President Joe Biden is expected to pose two questions to House Speaker Kevin McCarthy during a Wednesday meeting and will challenge him to commit to avoiding a catastrophic default and unveil a specific, detailed and comprehensive budget, according to a White House memo obtained first by ABC News.
The highly anticipated meeting comes amid an ongoing standoff over the debt limit.
According to the memo, the president is expected to ask McCarthy if he will "commit to the bedrock principle that the United States will never default on its financial obligations" and whether he agrees with "former presidents, including Presidents Trump and Reagan, that it is critical to avoid debt limit brinksmanship."
The memo -- written by senior advisers Brian Deese and Shalanda Young -- notes President Biden will release a budget on March 9 and challenges McCarthy to do the same.
"It is essential that Speaker McCarthy likewise commit to releasing a budget, so that the American people can see how House Republicans plan to reduce the deficit – whether through Social Security cuts; cuts to Medicare, Medicaid, and Affordable Care Act (ACA) health coverage; and/or cuts to research, education, and public safety – as well as how much their Budget will add to the deficit with tax cuts for the wealthiest Americans and large corporations, as in their first bill this year."
McCarthy responded to the memo in a statement on Tuesday, writing: "Mr. President: I received your staff’s memo. I'm not interested in political games. I'm coming to negotiate for the American people."
Republicans in the House have insisted on deep spending cuts in exchange for their cooperation on raising the debt ceiling.
The Republican Study Committee, which represents the largest group of Republicans in the House, previously called for revisions to Social Security and Medicare including raising the age for Medicare to 67 and Social Security to the age of 70 for younger workers.
But McCarthy recently said any cuts to Social Security and Medicare would be "off the table."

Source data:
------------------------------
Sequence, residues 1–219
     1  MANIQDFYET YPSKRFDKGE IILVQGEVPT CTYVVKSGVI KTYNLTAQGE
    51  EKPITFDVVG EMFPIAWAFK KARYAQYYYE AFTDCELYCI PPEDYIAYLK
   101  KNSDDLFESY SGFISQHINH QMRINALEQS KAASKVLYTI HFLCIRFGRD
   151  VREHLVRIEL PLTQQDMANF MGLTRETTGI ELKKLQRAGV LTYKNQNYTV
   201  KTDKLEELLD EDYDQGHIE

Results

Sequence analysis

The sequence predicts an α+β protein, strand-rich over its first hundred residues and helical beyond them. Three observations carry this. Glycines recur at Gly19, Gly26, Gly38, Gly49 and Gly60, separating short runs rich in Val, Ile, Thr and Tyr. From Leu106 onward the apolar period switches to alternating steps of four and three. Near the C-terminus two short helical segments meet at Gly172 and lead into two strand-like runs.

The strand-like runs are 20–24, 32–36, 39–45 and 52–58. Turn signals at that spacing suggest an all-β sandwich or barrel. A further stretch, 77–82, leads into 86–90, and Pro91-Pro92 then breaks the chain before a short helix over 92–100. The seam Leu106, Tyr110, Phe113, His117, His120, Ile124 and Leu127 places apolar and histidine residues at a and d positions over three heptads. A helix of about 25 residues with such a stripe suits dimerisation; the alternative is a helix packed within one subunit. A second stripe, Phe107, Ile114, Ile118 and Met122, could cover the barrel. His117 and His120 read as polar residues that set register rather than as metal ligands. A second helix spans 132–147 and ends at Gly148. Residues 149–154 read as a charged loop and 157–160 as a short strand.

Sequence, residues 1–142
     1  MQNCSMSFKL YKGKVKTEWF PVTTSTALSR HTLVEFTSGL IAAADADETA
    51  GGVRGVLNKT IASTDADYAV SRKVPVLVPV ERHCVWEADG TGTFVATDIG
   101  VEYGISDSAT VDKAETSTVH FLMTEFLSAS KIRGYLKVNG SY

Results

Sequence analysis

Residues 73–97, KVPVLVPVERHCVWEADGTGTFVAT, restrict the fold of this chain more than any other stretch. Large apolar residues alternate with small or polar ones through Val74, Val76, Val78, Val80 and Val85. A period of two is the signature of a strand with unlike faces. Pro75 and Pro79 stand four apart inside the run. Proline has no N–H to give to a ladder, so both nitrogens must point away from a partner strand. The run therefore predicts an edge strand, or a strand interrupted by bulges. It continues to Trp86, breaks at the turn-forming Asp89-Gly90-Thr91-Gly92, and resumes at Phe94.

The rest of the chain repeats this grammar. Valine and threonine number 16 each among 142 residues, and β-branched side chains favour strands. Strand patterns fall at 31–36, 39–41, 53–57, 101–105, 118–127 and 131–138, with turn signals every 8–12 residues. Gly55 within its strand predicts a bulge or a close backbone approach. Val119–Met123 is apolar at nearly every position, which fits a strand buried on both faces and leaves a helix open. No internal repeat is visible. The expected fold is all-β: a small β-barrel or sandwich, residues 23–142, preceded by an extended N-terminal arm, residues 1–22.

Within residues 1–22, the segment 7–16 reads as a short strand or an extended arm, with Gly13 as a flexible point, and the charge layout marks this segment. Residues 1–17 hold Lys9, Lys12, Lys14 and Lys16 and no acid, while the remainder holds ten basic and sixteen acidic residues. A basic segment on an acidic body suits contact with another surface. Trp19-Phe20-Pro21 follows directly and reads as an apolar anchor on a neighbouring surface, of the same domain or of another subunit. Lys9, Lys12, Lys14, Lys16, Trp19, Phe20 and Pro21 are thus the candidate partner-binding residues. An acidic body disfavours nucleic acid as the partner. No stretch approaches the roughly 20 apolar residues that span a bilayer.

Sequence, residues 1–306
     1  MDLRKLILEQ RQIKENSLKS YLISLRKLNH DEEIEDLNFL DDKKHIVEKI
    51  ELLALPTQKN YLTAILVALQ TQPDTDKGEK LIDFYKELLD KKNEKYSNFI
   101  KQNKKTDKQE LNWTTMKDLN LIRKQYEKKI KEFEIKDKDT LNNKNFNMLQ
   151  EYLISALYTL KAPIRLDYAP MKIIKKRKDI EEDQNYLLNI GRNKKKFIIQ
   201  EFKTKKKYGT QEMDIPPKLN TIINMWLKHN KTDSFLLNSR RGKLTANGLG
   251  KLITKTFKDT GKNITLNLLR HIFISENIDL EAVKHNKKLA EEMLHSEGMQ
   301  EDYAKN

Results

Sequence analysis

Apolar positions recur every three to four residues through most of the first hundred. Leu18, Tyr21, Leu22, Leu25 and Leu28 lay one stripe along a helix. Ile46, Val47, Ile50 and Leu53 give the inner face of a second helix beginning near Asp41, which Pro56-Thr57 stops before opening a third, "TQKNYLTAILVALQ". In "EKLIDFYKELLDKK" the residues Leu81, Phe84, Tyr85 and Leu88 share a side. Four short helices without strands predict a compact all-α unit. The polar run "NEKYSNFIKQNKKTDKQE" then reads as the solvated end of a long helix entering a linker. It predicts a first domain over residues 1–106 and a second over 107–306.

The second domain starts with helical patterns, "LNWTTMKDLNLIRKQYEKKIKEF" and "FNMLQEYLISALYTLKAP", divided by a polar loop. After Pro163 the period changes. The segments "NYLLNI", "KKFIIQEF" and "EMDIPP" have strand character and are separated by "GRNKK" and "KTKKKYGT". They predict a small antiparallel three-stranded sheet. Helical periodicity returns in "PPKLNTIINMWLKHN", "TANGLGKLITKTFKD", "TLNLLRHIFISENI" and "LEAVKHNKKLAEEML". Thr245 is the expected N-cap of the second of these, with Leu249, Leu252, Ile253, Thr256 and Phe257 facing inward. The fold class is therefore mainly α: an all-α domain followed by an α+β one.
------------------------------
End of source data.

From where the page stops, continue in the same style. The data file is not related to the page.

McCarthy pointed to the "Commitment to America" plan presented by Republicans before the midterms, which he said "strengthens" Medicare and Social Security. The White House has accused McCarthy of being "evasive" on his plan for government spending.
Pressed on what he meant by "strengthen" and whether he would seek to raise the retirement age -- McCarthy said: "No, no, no. What I'm talking about Social Security, Medicare, you keep that to the side."
"I want to find a reasonable and a responsible way that we can lift the debt ceiling but take control of this runaway spending," McCarthy said.
Meanwhile, the White House has repeatedly said Biden will not negotiate or compromise by tying a debt limit increase to spending cuts, with the administration pointing to the bipartisan history of the ceiling being increased by both parties over the years.
"Attempts to exploit the debt ceiling as leverage will not work," White House press secretary Karine Jean-Pierre told reporters earlier this month. "There will be no hostage taking."
Earlier this month, McCarthy made it clear he was holding firm.
"For the president to say he wouldn't even negotiate -- that's irresponsible. We're going to be responsible. We're going to be sensible, and we're going to get this done together. So the longer he waits, the more he puts the fiscal jeopardy of America up for grabs," McCarthy told ABC News' Senior Congressional Correspondent Rachel Scott earlier this month. "We should sit down and get this done and stop playing politics," he added.
The debt limit doesn't allow government spending on new programs -- instead it allows the U.S. to borrow any money it needs to pay for the nation's existing bills.
The federal government hit the current debt ceiling, about $31.4 trillion earlier this month prompting the Treasury Department to step in with "extraordinary measures" which will allow the nation to avert a catastrophic default until June.
"President Biden will ask Speaker McCarthy to publicly assure the American people and the rest of the world that the United States will, as always, honor all of its financial obligations," the memo states.
Editor's note: This article has been revised to reflect an updated memo released by the administration.